A strange sight from Fort Collins, Colorado, on my walk last Saturday. I didn’t go inside the “Bible Superstore”, out of respect… who am I kidding? I didn’t go in because I knew I’d be at risk of falling down laughing, and making a fool of myself. How could there be such a thing as a Bible Superstore? I can just imagine the layout:
- Aisle 1: Bibles
- Aisle 2: Bibles
- Aisle 7: Bibles
- Aisle 8: Bibles
- Aisle 9: Bible Study
- Aisle 10: School Books (Intelligent Design)
On Sunday I moved to Denver from Fort Collins, and on Monday I took a flying visit to Colorado Springs by Greyhound Bus. From the bus station I grabbed a cab to my company’s offices; the cabbie looked like Jerry Garcia, and we got talking about Colorado Springs, since it was my first time there. When I asked about Springs’ reputation as a very Christian town, with churches visible everywhere, it was like setting a fire under him. He was what you can call a pantheist, meaning he had a general belief in a “universal power”, but he’d given up on organized religion many years before that. The recent scandals in the town, involving Ted Haggard of the 14,000-strong New Life Church, had made world headlines (such as CNN), and to the cabbie this was just the latest confirmation of his opinion that organized religion is morally bankrupt.
I spent the day with my North American counterparts and their manager, who are about the only people left in a cavernous office floor. Cubicle after cubicle of beige and brown, desks gathering dust, chairs upended, the carpet in the aisles grubby and faded. It was a beautiful day outside, so we all walked down the hill to a barbecue joint, where I had another huge but tasteless sandwich. (If the bread, meat and cheese have no taste, no volume of condiments can make a great sandwich!)
My presence seemed to bring out the worst in my colleagues, in a good way – if that makes any sense. They had a new face to pour out their troubles to, all the while keeping up a brave sense of humour that would not be out of place in a Dilbert cartoon. I got even more of the same from their manager, who took me back in to central Colorado Springs and joined me for dinner and a beer. (I had a nicely microbrewed oatmeal stout and a huge “Chicken Gringo” concoction, with cornbread and potato wedges, that I couldn’t finish.)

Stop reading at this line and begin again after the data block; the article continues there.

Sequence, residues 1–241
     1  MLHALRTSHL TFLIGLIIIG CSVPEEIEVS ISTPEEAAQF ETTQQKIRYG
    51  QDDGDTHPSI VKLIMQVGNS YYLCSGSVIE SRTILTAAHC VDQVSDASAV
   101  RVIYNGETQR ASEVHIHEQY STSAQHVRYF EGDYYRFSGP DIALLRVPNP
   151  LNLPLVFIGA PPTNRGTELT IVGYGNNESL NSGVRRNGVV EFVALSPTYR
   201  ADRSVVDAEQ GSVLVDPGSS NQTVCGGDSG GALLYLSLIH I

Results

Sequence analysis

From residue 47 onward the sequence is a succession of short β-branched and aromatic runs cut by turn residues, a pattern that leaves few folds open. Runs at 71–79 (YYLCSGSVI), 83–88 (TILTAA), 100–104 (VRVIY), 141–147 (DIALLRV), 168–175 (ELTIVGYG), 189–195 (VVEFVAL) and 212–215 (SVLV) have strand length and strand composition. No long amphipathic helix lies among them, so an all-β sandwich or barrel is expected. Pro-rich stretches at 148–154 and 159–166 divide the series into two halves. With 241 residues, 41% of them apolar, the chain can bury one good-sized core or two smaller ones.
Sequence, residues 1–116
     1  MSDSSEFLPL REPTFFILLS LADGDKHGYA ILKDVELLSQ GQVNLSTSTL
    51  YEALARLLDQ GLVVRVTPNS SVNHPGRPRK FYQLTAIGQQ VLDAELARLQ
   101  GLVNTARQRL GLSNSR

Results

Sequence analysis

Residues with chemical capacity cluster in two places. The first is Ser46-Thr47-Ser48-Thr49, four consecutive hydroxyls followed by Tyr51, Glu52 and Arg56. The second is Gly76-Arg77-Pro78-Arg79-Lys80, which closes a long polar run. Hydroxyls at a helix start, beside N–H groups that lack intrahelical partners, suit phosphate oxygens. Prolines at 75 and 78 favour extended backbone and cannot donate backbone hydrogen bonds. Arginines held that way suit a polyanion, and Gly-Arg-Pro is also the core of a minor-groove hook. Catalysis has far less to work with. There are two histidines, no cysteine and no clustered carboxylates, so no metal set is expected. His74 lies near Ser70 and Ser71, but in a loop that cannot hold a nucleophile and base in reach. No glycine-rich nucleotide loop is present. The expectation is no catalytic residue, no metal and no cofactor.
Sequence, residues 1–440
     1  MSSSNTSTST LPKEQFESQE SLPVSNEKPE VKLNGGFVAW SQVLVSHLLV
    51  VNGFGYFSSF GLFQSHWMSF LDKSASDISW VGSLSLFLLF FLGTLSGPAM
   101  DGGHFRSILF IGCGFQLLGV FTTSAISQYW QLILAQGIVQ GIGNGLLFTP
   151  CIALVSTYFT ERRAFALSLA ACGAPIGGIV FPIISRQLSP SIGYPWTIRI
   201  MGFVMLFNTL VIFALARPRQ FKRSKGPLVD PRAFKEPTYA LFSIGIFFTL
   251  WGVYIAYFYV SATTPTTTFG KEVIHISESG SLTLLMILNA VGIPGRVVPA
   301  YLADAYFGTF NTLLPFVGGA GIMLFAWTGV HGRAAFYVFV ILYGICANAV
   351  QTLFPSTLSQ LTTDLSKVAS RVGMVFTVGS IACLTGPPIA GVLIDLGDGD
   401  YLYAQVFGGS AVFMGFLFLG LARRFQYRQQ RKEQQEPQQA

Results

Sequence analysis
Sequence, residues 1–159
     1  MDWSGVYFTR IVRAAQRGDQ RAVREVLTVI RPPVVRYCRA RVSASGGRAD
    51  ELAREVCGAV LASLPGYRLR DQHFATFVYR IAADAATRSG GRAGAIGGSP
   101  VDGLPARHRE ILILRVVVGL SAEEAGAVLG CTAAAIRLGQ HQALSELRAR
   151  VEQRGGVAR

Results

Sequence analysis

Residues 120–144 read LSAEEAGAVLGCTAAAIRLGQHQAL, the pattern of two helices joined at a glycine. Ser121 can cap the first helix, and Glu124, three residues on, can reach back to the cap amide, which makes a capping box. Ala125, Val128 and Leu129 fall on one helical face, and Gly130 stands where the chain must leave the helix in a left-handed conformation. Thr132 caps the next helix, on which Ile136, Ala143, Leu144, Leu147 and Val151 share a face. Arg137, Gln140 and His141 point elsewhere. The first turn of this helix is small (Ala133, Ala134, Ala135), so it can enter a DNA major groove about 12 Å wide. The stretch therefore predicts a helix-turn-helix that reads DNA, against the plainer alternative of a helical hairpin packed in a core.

As I Twittered in from the bus station, on the way back to Denver: it was one of those days that confirms your suspicions and fears. My US colleagues feel just as threatened as we in Europe do, and as isolated and frozen out of the “career path” in my company. For most of the day I was just someone to talk to, a role I’m happy to play if it helps, and this time I’m sure it did. The manager treated me as an equal, and clearly needed someone to help him make some sense of what is going on.
My qualms about the my employer’s plans seem to be well-justified. I am not going mad, and neither are those colleagues of mine with similar concerns. I can’t really say any more, but what I can say is that there are changes coming my way this year. I’ve learned things I might not be supposed to know, but the effect will be to give me more time to prepare.
The last couple of days in Denver were a mix of gonzo walks and lazing around in my nice hotel room. I will say some more later, but right now I have an ice hockey game to go to, so I need to get my skates on.
Back at the Fort Collins hotel, my room is one of the “accessible” ones, meaning there are handrails in the bathroom and plenty of floor space to wheel a chair around. Not the biggest I’ve ever had – that harks back to the 2-bedroom condo I had to myself in Bangalore – but pretty big, and with free broadband internet access.
The week is over, and so is the work, even the breakfast meeting in the morning is just social. More work on Monday, in Colorado Springs, but until then I have a weekend to look forward to, and to kick it off, have some chillout music courtesy of YouTube and one of my favourite musicians: Michael Manring’s live performance of his solo composition The Enormous Room.
A little explanation for those interested: the instrument Michael is playing is the Zon Hyperbass, an electric bass with some unusual features. It has retuning levers on each string – four on the headstock and two on the bridge – which Michael is activating at times to give that “pedal steel” effect. For that to work well the strings have to be light; for that to sound good and offer stable tuning, the bass is made with an extremely rigid carbon fibre neck. Not cheap, as you might imagine, but extremely effective in the right hands – as the video amply demonstrates.
We’re not in Kansas, Toto. We’re in Colorado. It’s been quite a day, perhaps the most surreal I’ve had in the USA to date. It started out simply enough, with a copy of USA Today, and local TV, then the short trip to the office, where the course is being held. The attendees are mostly American, with a couple of Europeans and Indians. The trainer, as is to be expected, is Scottish.